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Saturday, 27 May 2017

`Scoring a Century`...

The weather this week - sadly now reverted to the norm - was exceptional for moth trapping, reminding me of the classic prolonged hot summer of 2006, a year of migrants, wandering/dispersing moths and good records generally. I trapped on Tuesday to Thursday inclusive but, given Chris Handoll`s superb pair of records at his home trap site in north Carmarthenshire, I now wish that I`d trapped on Friday night too!
My best night was on Thursday, when two traps at my Pwll garden (one MV and the other a mains actinic) yielded 103 species of moth (with at least a further two micros to determine), my best result at this site. I have the advantage of living on the coast with surrounding coastal, wetland and woodland habitats supplementing a nectar-rich garden, which partially accounts for the good `score`. Many moths, of course, were `regulars` (albeit in really good numbers) with a sprinkling of `goodies` such as lime hawk-moth, orange footman (this moth is having a good year with me), common lutestring (not `common` with me), dark sword-grass (the only migrant), Dioryctia abietella, Nemapogon cloacella (from memory, new for me), Mompha substrigella and two species of conifer-colonist Argyresthia - cupressella (also having a good year) and trifasciata.
One micro constitutes a NCR - Bucculatrix albedinella, awaiting Sam`s confirmation. It has already been checked to see whether it`s the very similar B. bechsteinella, which lacks the apical stripe on the wings. My individual has the latter feature. B. albedinella is feeder on field elms (the Ulmus procera/minor group) which certainly grow only metres from my garden trap site. Incidentally, these elms also are believed to support my regular lime hawk-moths and the colourful pyralid Rhodophaea formosa, the latter at its sole, if regular, vice-county site.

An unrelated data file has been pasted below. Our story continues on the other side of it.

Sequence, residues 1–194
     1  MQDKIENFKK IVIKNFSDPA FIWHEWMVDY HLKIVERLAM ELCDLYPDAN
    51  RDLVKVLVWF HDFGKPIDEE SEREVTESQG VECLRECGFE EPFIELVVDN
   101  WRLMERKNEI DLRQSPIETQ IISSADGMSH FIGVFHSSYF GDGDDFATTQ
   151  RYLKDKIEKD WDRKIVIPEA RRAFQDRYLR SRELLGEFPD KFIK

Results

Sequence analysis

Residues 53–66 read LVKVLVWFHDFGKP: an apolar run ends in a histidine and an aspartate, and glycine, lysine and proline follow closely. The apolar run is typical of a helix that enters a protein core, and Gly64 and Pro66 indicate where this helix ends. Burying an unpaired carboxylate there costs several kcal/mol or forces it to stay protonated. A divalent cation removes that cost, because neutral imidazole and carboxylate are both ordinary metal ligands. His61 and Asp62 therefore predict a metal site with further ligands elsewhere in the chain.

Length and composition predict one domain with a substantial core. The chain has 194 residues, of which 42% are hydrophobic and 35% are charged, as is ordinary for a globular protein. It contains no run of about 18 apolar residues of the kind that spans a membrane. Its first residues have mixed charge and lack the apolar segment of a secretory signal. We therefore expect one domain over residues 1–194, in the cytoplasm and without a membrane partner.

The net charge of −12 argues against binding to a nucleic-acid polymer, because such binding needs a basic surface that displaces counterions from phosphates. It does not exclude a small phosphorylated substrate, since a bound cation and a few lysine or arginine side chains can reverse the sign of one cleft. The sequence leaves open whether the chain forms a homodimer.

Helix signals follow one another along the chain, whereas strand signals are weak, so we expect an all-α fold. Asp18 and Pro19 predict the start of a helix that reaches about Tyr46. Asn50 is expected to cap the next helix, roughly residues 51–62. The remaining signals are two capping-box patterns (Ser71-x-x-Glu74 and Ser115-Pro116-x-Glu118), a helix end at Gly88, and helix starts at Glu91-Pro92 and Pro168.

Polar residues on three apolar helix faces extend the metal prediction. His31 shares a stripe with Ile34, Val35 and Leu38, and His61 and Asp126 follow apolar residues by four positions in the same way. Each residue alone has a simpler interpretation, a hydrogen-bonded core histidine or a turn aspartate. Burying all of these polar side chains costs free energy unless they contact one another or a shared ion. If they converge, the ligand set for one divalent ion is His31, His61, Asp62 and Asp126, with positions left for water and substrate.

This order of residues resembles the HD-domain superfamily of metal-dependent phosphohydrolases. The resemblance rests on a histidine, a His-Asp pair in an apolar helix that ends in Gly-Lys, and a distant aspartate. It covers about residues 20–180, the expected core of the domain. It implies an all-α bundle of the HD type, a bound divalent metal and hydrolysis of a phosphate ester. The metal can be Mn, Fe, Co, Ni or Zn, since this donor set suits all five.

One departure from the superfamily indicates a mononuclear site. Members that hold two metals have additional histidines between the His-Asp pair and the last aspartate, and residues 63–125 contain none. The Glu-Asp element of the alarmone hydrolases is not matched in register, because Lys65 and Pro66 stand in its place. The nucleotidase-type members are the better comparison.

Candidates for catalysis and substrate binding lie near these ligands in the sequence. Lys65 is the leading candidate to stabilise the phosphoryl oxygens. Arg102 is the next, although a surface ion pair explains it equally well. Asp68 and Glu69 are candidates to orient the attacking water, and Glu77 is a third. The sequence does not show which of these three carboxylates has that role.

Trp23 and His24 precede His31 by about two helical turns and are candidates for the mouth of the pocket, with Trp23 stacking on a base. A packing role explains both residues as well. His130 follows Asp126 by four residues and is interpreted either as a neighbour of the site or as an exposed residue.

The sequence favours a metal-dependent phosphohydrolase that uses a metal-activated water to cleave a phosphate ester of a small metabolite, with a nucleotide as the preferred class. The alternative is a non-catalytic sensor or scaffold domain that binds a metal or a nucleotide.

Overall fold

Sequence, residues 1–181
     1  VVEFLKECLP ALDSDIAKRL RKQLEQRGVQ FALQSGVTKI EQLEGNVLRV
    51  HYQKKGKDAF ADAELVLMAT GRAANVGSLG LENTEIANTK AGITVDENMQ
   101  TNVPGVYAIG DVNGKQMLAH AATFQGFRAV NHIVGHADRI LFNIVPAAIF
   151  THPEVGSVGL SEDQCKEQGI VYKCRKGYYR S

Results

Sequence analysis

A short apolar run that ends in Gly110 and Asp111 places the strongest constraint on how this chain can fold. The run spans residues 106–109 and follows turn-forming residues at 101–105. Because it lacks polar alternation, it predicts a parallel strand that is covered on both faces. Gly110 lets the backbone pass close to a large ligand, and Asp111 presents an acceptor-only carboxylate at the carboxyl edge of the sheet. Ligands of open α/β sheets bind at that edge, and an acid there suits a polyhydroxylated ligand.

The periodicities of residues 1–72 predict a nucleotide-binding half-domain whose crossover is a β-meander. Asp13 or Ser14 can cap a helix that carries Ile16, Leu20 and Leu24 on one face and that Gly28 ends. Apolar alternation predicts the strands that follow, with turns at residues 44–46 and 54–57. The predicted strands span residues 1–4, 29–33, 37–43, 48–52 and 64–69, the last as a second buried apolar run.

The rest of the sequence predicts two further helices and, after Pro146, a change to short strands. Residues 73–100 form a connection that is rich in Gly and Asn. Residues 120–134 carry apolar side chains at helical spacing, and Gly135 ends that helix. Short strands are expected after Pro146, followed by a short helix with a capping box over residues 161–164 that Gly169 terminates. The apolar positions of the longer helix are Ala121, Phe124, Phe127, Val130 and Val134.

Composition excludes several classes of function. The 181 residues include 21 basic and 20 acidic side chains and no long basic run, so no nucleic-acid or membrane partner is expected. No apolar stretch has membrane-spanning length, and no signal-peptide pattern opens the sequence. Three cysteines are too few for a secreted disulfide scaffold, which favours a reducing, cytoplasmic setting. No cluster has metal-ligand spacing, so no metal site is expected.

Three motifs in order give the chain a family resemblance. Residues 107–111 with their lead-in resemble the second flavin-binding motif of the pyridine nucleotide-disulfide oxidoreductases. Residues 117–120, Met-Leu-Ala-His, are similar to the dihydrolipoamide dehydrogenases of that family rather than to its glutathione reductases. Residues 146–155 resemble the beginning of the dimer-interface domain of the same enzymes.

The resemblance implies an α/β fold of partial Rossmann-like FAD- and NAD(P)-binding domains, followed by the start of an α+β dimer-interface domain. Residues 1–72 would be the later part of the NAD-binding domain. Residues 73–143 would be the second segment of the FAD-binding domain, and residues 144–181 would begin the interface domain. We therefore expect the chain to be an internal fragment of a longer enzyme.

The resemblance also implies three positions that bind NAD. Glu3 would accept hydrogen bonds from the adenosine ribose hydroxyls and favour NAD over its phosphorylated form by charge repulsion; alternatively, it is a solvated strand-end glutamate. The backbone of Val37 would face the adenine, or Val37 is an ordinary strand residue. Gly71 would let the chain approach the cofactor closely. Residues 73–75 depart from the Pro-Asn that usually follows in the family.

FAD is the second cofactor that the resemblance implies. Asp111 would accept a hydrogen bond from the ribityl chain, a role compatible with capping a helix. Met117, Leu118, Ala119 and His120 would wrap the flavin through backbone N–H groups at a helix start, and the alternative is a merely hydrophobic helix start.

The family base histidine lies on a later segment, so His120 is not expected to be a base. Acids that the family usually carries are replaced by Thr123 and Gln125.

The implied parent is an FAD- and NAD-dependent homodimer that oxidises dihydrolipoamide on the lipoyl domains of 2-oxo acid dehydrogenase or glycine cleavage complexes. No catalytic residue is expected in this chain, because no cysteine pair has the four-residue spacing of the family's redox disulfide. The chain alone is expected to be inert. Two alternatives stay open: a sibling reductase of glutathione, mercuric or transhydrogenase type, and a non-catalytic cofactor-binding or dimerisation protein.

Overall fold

Above: a lime hawk-moth, with an elephant hawk-moth for size comparison. I had a different, much tattier individual on the previous night.
              Above: Dioryctia abietella. I`ve also had the larger sylvestrella once in the past.

                                    Above: the `cork moth` Nemapogon cloacella, new for me.
Above: Bucculatrix albedinella. The black apical streak is not visible in this photo, but could be seen when the moth moved around the glass tube with its wings partially open. The specimen has been retained and the streak is similarly visible on the now-dead specimen.
Field elms also occur elsewhere along the low-lying coast of SE Carmarthenshire and in Glamorgan on similar land around the Burry Inlet. This species is known from Mons vc35, but not Glamorgan - the same applying to Rhodophaea formosa - perhaps beating/sweeping/trapping of that area might bring dividends for vc41? I suggest the Loughor-Gowerton-Penclawdd coast.

Above: the (poorly) pinned B. albedinella, with the dark apical streak visible to the left of the white text in the badly-posed photo. Click on pic to enlarge. It is much clearer with the specimen `in the flesh` in front of you.


  1. Bucculatrix albedinella is a good record, and given weather conditions it's hard to know whether it is resident in the Pwll area (it's quite easy to overlook) or a wanderer. I have found it twice in VC35 - once last year as a mine and once as an adult in 1999, and the latter was on my regularly-trapped Dingestow site (where I have never found it subsequently so it's definitely easy to overlook); there is one previous Emmet record from VC35.

  2. Thanks Sam. I may try sweeping of the frequent hedgerow elms around WWT Penclacwydd if I get a chance in the next week or so, and look for mines later.